Tuesday 17 Jul 2018 | 12:22 | SYDNEY
Tuesday 17 Jul 2018 | 12:22 | SYDNEY

Understanding your government


Sam Roggeveen


26 June 2008 17:13

It occurred to me while reading this pretty unremarkable press release from Trade Minister Simon Crean that it may interest some of you to know a little of how such documents come about. Before I joined the public service, I myself was pretty mystified at how the flat, colourless phrasing we often read from ministers in press releases is generated. Do they really talk that way? And do they actually say the words you see on the page?

Let's examine the above-cited example, about the Government's bold and fearless decision to double its developing country capacity building assistance, to $1 million:

...The Fund helps some of the world’s least developed countries to take part in and benefit from the Doha Round of multilateral trade negotiations.

“As a strong and effective rules-based organisation, the WTO continues to attract membership,” said Mr Crean. “It’s in our interest to strengthen that unique structure. The fact that countries continue to want to join the WTO is recognition of the value of our efforts and underlines the importance of securing progress in the current round of world trade talks.”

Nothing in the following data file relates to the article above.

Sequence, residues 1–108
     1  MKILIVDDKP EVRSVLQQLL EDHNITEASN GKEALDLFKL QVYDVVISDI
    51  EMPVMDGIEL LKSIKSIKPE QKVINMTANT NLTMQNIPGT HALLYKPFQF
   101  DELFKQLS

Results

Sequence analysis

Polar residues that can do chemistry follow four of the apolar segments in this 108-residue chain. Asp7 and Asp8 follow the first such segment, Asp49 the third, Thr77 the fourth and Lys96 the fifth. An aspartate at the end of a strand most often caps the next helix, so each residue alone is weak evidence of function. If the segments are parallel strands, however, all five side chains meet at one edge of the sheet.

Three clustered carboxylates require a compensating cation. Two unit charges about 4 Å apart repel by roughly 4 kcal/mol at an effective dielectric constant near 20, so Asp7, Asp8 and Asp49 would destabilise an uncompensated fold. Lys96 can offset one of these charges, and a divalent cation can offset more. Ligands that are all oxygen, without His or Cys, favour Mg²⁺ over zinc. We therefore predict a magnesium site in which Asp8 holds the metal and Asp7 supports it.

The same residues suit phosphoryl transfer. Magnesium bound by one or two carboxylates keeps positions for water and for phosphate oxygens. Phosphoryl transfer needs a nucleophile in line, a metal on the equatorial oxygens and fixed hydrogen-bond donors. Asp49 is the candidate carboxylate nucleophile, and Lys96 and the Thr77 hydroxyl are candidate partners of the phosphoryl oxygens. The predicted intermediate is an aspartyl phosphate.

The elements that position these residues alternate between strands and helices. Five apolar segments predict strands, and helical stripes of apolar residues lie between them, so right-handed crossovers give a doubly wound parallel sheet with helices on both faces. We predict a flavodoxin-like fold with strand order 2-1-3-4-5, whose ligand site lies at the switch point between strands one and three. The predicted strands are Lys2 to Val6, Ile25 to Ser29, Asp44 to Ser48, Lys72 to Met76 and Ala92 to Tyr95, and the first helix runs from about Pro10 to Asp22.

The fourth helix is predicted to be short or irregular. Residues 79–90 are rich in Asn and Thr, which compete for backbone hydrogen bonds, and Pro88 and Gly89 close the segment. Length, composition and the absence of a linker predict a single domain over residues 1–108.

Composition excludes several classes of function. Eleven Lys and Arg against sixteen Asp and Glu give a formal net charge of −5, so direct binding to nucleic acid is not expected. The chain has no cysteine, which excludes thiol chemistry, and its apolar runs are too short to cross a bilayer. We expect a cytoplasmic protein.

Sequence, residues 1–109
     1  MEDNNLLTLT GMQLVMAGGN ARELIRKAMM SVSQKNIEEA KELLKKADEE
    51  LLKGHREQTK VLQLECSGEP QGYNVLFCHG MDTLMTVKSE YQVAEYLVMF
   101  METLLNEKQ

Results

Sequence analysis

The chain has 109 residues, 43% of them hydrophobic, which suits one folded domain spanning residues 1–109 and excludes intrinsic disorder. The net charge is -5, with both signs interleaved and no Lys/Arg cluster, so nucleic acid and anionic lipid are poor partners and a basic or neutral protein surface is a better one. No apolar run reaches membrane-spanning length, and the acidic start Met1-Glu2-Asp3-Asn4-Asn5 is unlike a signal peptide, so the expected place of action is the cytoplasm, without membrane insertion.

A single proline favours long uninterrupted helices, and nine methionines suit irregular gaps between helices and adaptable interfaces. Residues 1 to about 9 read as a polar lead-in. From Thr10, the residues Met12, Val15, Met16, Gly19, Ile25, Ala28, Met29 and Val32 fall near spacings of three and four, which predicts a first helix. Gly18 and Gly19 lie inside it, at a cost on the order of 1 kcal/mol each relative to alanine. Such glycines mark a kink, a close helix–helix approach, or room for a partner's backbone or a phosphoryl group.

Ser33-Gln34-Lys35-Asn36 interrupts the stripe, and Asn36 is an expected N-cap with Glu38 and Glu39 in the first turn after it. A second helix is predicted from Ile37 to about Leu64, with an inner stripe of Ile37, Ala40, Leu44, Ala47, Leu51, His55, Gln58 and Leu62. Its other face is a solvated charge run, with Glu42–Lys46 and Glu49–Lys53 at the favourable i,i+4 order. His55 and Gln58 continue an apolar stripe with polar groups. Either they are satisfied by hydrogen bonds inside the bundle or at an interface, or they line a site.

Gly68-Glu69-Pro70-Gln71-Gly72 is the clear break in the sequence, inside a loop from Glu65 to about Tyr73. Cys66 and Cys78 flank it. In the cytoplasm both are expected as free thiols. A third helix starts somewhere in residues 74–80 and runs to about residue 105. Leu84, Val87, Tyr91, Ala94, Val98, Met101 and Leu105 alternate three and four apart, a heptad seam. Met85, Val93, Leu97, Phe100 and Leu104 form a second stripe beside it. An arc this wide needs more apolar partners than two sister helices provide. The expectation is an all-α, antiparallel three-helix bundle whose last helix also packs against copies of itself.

When you've been in politics as long as Simon Crean, you probably do have a tendency to talk like this, but chances are these exact words never passed Mr Crean's lips. The were likely written by a junior public servant and polished by her boss — these people just make up the quotes, usually based on something similar the minister has said already.

The document then goes up to the minister's office. Up to now it has been handled by public servants who, in the best Westminster tradition, are apolitical and thus, although they can trumpet the achievements of the government, they cannot slag the opposition, media or any other critics. That's a job for the minister's staff, who are employed by and loyal to the minister. Once they've injected the partisan politics, it is run by the minister (or at least, his chief of staff), and then released into the electronic and paper in-trays of journalists, lobbyists, fellow MPs and other interested parties.

And in the case of releases like the one above, it will then be promptly ignored by everyone.